Every month, we ask one NeoIPC Consortium member to review an interesting paper on infection prevention and control in neonatal care.
This month, Julia Bielicki from University Children’s Hospital Basel and St George’s University of London is reviewing:
Brooks B, Olm MR, Firek BA, et al. Strain-resolved analysis of hospital rooms and infants reveals overlap between the human and room microbiome. Nat Commun. 2017;8(1):1814. Published 2017 Nov 27.
Infant colonization by resistant bacteria is known to be an important risk factor for neonatal sepsis caused by these bacteria. The sources of bacteria are not entirely clear, but it is increasingly recognized that the hospital environment might be important in this regard. So far, few studies have looked into the genetic relatedness of bacteria found in the hospital environment and those colonizing babies in neonatal units. Further evidence on the exact role of the hospital or unit environment might have implications for appropriate infection prevention and control interventions.
What was done in this study?
The investigators extensively sampled frequently touched surfaces, other surfaces and sinks of six rooms of a neonatal unit in the US and subjected these samples to metagenomic sequencing. These metagenomes were compared to metagenomes from fecal samples of infants cared for in the rooms of interest. The laboratory analysis build on extensive preliminary work to ensure the successful recovery of high-quality genomes, also from environmental samples where the microbial biomass is typically low.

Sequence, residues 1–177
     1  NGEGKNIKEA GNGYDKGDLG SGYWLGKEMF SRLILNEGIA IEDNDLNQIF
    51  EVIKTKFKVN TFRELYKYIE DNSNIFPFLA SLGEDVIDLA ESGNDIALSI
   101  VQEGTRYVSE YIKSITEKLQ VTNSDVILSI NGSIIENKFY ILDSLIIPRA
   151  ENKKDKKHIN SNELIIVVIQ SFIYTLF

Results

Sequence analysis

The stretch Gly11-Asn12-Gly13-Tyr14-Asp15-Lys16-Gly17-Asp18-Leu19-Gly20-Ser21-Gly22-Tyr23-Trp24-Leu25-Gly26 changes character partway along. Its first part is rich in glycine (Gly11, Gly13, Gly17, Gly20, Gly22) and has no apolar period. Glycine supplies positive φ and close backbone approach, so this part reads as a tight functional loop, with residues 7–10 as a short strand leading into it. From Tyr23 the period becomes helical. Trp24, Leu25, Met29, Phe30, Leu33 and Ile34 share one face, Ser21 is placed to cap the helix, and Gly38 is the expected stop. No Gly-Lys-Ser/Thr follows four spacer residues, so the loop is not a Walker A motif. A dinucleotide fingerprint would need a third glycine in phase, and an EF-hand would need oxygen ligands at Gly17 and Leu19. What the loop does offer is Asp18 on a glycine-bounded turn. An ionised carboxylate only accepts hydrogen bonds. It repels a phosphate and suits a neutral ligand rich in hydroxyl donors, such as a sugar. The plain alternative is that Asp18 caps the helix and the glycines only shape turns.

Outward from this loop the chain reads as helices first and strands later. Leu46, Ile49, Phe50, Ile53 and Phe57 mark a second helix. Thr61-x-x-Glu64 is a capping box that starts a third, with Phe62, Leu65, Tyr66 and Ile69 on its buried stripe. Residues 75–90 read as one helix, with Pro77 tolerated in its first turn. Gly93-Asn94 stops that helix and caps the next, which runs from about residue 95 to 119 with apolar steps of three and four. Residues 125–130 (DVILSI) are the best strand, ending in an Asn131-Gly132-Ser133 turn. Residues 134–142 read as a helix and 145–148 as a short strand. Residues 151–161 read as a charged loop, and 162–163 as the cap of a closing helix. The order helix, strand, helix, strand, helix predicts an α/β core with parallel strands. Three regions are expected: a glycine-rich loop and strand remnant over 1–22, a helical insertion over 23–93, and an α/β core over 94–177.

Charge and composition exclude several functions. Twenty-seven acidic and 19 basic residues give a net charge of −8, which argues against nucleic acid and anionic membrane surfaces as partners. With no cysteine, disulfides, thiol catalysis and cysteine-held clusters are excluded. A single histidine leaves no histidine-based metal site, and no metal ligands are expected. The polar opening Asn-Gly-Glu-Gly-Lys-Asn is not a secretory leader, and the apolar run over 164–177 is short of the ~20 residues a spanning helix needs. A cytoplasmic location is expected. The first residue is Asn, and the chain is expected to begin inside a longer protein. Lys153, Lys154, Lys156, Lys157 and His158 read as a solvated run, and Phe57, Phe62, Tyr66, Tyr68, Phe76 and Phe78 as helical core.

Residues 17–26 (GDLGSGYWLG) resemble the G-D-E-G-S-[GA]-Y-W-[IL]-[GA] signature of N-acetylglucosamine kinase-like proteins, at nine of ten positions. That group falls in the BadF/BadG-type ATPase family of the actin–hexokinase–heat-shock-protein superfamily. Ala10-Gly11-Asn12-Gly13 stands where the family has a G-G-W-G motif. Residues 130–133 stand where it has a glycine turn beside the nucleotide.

What was observed?
Two important observations were made in this study. First, the investigators were able to identify corroborating evidence for the existence of bacterial “room reservoirs”. Such reservoirs might explain why some other studies have identified genetically closely related strains in babies who were not on the unit at the same time, often having been hospitalized several years apart. Such reservoirs can be a source for reseeding of newly admitted babies and can sustain outbreaks in the face of extensive infection control measures. Second, the group found that closely related strains could be identified in infants hospitalized simultaneously and many weeks apart, presumably passing through the environment but also through healthcare providers’ hands. Similarly, several genetically identical strains were found in baby and room samples at the same time, with in some cases a clear directionality of transfer from an environmental source to the baby.
Does this apply to my unit?
Most likely, similar patterns would be found in most neonatal units. The investigators stress that the colonization of environmental niches plays a complex, and potentially somewhat secondary role in resistant bacterial acquisition on the neonatal unit. The study does not point towards any specific interventions that could be aimed at the neonatal unit environment, but the evidence presented suggests that supporting colonization resistance of key body sites, especially the gut, could offer important protection against colonization from low-biomass room reservoirs.